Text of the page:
The 1st week of 2016 Absa Cape Epic training nearly done

The 1st week of 2016 Absa Cape Epic training nearly done

Day 3 arrived and that bloody alarm went off again at the unholiest morning hours. Again that thought of suffering for 8 days in March kept my willing hands from pressing snooze and going through the motions I got back on the road bike for the longest road session of the week. Once out there one forgets about the torture of waking up and getting ready to ride. I am a bit pedantic and do ensure the night before (before I fall asleep on the couch) that everything is ready to just put your kit on and ride. Make sure tyres are inflated, lights charged and on, kit set out to just squeeze into, shoes ready, water bottles filled and Suunto Ambit fitted on the bike. It makes life so much easier if everything is organised and ready the night before and all you have to do is fight off that urge to sleep further and just get out there and experience the beautiful sunrises in Cape Town.

IMG_8156

Now the Absa Cape Epic is an expensive exercise and myself and partner Thinus Crafford might soon be standing at traffic lights begging for some cash or hopefully some of our friends, poor and wealthy will give us some cash to help us on our journey to suffering in March. Watch this space for the begging to begin shortly.

 

Thanks for everyone’s support thus far and everyone that has attempted a major sporting event knows the commitment one has to have to keep the discipline in sticking to your training regime, the strain it takes on one’s family (the snails in my garden are not too phased, not sure about my partners family as they will need some patience and understanding as he would be occupied for hours on end sitting his not currently so skinny behind on a bicycle) and friends , work and giving up on the extreme consumption of ice cold beers…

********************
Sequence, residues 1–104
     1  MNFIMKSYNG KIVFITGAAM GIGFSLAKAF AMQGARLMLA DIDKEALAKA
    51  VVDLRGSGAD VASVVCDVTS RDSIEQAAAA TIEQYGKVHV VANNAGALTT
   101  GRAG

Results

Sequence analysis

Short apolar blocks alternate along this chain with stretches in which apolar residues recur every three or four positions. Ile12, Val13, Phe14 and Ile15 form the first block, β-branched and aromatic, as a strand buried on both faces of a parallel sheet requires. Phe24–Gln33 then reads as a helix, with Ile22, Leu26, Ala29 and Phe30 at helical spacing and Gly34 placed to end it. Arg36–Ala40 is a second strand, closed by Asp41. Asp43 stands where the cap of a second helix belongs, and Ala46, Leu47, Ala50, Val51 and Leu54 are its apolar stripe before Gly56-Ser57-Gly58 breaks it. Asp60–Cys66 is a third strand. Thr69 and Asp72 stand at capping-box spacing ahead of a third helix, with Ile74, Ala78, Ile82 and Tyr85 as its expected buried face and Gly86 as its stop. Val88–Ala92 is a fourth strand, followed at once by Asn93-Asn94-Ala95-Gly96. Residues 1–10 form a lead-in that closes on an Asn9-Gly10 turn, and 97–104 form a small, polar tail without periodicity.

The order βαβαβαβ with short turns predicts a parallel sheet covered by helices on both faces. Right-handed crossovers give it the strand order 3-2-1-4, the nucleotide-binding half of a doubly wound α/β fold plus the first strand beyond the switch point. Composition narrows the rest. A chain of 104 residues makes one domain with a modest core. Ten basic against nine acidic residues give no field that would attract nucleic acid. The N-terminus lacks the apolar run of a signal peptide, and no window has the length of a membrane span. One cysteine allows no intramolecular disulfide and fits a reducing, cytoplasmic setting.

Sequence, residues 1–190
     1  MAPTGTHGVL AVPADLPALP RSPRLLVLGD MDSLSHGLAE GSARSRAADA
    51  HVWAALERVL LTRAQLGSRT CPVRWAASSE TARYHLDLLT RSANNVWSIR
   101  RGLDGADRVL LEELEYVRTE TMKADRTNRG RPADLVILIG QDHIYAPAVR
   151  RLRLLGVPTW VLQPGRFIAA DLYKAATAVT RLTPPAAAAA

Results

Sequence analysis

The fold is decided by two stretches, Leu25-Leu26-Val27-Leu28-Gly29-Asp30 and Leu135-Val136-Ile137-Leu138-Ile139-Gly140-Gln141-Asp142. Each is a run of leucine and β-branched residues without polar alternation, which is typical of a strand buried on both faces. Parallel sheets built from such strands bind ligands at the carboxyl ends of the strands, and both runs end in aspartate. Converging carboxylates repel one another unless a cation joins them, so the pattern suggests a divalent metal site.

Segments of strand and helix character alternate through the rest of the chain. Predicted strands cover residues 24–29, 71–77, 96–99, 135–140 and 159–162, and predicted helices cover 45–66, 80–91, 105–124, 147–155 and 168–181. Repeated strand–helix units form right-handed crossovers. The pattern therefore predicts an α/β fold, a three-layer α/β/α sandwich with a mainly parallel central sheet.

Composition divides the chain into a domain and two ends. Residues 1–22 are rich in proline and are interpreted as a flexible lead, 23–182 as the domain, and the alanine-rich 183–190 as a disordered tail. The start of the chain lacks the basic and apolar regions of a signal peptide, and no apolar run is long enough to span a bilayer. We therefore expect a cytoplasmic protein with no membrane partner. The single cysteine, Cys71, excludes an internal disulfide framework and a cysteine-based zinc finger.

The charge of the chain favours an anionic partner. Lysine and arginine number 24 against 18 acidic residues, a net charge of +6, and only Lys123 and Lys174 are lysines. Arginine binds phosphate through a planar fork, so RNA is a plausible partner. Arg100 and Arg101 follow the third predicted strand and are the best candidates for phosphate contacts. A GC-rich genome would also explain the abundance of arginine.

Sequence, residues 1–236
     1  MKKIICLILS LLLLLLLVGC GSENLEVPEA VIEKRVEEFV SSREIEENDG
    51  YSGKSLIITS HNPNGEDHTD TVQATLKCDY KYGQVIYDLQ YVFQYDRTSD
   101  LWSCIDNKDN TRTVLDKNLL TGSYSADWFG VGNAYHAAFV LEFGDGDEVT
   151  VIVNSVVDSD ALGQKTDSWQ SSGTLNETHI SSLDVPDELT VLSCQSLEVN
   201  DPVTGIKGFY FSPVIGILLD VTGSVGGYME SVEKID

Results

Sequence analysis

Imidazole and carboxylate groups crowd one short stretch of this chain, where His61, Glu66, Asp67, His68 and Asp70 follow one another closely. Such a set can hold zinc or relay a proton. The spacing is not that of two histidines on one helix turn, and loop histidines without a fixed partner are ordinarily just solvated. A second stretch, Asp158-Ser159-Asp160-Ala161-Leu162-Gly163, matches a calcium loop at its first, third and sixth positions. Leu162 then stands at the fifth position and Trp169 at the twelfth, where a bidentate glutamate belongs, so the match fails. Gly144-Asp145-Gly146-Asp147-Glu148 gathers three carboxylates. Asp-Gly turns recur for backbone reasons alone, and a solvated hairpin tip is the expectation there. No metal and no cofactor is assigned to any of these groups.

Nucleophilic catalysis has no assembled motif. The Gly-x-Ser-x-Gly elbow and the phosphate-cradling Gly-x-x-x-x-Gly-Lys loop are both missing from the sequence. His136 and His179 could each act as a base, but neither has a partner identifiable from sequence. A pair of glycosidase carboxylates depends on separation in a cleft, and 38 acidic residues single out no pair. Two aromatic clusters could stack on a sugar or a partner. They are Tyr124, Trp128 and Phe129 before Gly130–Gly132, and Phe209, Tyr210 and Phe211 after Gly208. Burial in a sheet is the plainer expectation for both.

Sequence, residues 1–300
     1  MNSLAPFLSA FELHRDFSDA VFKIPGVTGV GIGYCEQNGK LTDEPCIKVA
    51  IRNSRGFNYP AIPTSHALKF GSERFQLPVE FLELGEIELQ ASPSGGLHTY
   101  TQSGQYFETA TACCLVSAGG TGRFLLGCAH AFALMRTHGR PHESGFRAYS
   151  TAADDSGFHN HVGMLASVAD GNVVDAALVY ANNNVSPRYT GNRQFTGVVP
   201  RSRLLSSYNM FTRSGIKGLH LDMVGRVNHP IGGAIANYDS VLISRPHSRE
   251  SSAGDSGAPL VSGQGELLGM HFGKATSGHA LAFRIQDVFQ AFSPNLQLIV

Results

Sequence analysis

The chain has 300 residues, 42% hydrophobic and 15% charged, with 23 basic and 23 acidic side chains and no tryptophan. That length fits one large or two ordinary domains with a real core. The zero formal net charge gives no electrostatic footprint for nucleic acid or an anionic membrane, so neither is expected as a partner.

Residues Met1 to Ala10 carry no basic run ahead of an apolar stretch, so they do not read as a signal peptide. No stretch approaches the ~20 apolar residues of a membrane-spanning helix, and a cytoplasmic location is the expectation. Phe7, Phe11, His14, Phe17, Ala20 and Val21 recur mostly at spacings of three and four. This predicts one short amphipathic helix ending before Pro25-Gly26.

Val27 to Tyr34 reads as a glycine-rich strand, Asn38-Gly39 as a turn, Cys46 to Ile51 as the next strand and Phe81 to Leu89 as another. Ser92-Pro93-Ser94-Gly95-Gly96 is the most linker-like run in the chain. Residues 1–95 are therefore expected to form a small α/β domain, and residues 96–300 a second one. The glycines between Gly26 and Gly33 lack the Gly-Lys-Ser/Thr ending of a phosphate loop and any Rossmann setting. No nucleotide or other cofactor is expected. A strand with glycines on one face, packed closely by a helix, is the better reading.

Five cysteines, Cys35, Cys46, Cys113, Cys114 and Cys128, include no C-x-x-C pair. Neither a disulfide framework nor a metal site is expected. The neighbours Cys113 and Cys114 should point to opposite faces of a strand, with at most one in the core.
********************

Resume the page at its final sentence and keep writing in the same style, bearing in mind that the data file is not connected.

The Ride2Nowhere and new water bottles

This year has been my 4th year of riding the Ride2Nohwere and I’m afraid the secret is out as we had the largest field ever, close to capacity which I’m sure will make this an even more desirable event when the entries open soon (www.ride2nowhere.co.za).  What a gem of and event this is, fantastic riding which encompass the true soul of mountain biking fun in the mist surreal of settings of the tranquil town of McGregor.  Well done to Eulogy van Dyk and Con Viljoen for putting together this amazing three days of riding, which is actually much more than just riding as the whole community of McGregor jumps on board as the town is filled up with like-minded mountain bikers and family.

One just have to stop on the ride of Ride2Nowhere to take some photos or take in the scenery.

One just have to stop on the ride of Ride2Nowhere to take some photos or take in the scenery.

With “less” training on the bike than previously I wasn’t sure what to expect from the body for 3 days of riding after the beating it took at the previous Sunday at the Feadhelath MTB Challenge at Meerendal Wine Estate over the Tygerberg MTB Trails – Let’s just say pain and suffering on the massage table. Anyway back to day 1 of Ride2Nowhere. This was a real tough day as we rode 61km with 1700m’s of climbing over rocky and technical terrain that brought back Absa Cape Epic memories. What made it even more challenging were the wind, rain and ice cold conditions on top of the mountain, but there was no quitting as we toughed it out to the finish line.